MINNEAPOLIS (WCCO) — With baseball season interrupted, top prospects are looking for ways to stay sharp.
Zack Raabe is the starting second baseman for the Gophers and he did not have to look far for some help. His father is a former Gopher, former Twin and current college coach a Bethel University — meaning he feels the loss of his sport like his son.READ MORE: Pickup Trucks Hit Head-On In Fatal Crash On Highway 23
Brian Raabe is supposed to be in the dugout, coaching baseball at Bethel University but that’s not the way it works this spring for almost everyone.
“It hasn’t been fun, I mean for a guy that his whole life is sports and baseball,” Brian Raabe said. “Someone just asked me that, when was the last time you didn’t have a spring or a summer and it’s never — this is the first time.”
There is a special soft spot for those that will not compete again.
“All of us are in this together, the coaches are struggling with it, the players are struggling with it, parents — everybody,” said Brian Raabe. “We gotta try to stay strong and stay mentally tough.”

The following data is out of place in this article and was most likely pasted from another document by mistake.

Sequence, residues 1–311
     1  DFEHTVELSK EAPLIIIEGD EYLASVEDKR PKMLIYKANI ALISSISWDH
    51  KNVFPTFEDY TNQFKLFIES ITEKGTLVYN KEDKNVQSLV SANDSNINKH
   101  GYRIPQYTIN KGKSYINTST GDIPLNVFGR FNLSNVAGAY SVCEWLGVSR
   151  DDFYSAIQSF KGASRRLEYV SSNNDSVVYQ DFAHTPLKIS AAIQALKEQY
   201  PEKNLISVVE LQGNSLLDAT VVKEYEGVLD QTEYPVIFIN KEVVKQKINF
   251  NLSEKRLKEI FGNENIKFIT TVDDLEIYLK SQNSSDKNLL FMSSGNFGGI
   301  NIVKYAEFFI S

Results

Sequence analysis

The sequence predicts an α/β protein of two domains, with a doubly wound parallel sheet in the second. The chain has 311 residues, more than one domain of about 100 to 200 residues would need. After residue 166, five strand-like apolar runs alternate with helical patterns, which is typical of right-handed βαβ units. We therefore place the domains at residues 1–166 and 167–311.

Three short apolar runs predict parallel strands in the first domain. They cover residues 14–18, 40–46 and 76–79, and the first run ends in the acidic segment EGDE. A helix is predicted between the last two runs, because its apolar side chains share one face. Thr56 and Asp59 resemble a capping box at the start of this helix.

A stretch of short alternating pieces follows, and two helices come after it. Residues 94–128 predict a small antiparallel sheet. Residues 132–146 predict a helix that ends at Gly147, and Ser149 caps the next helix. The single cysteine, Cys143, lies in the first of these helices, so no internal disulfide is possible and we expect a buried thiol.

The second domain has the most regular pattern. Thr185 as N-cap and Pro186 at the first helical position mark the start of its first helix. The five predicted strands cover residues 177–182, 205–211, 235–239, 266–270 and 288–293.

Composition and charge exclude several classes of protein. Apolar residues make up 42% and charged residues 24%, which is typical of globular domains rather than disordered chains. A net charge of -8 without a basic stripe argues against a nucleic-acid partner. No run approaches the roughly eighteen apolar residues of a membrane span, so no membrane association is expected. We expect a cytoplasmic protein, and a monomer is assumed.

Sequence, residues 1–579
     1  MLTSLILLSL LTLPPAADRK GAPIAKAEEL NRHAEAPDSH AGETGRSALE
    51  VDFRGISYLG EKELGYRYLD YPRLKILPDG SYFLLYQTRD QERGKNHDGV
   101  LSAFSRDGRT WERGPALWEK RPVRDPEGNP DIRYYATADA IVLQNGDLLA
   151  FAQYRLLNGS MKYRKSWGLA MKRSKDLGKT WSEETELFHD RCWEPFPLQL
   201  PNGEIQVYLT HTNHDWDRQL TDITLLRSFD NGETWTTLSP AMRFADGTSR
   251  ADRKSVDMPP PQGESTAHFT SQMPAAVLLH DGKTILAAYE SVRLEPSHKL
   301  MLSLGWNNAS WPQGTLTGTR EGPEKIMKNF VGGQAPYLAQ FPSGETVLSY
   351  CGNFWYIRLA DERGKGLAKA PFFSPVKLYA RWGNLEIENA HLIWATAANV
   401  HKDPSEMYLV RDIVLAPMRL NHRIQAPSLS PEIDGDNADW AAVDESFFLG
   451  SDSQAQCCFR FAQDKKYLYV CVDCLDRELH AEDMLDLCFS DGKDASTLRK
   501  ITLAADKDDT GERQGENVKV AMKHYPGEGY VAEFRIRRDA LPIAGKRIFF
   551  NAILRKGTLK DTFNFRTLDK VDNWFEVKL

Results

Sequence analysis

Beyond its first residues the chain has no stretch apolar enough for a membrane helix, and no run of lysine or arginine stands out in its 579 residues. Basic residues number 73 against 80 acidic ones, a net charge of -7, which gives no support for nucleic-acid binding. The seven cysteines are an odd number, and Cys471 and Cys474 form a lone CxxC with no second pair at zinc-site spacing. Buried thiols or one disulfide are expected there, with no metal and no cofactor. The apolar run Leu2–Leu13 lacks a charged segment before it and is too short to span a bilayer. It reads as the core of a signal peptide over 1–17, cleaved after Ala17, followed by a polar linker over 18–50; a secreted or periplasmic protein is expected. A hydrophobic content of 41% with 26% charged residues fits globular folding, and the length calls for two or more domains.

So he turns his attention to another prospect, see Brian was a 41st round pick who beat the odds and made the Big Leagues, along the way he and his wife had a daughter and son. And that son grew into a pretty good ballplayer.READ MORE: 31 Line 3 Oil Pipeline Protesters Arrested At Site In Northern Minnesota
“I’ve head multiple coaches that he’s had in the past come up to me and tell me how great of a player he was,” Zack Raabe said.
Zack Raabe is putting together quite a career as a player at his dad’s alma Mata, playing for the Gophers.
“Just putting in the work to have a mindset to know that this is going to end sometime and not be lazy,” Zack Raabe said. “In order to win during this time is to keep working.”
So that’s why they come here, father and son, player and personal coach.
“It does give us some time to work on some things, do some different things,” added Brian Raabe.MORE NEWS: Teachers, Students Feel Blindsided By Closure Of 117-Year-Old Holy Cross School
Like so many, you make the best of what you can. Having a former major league infielder to help is an advantage as they both try to endure what they did not think was possible: a spring without baseball games.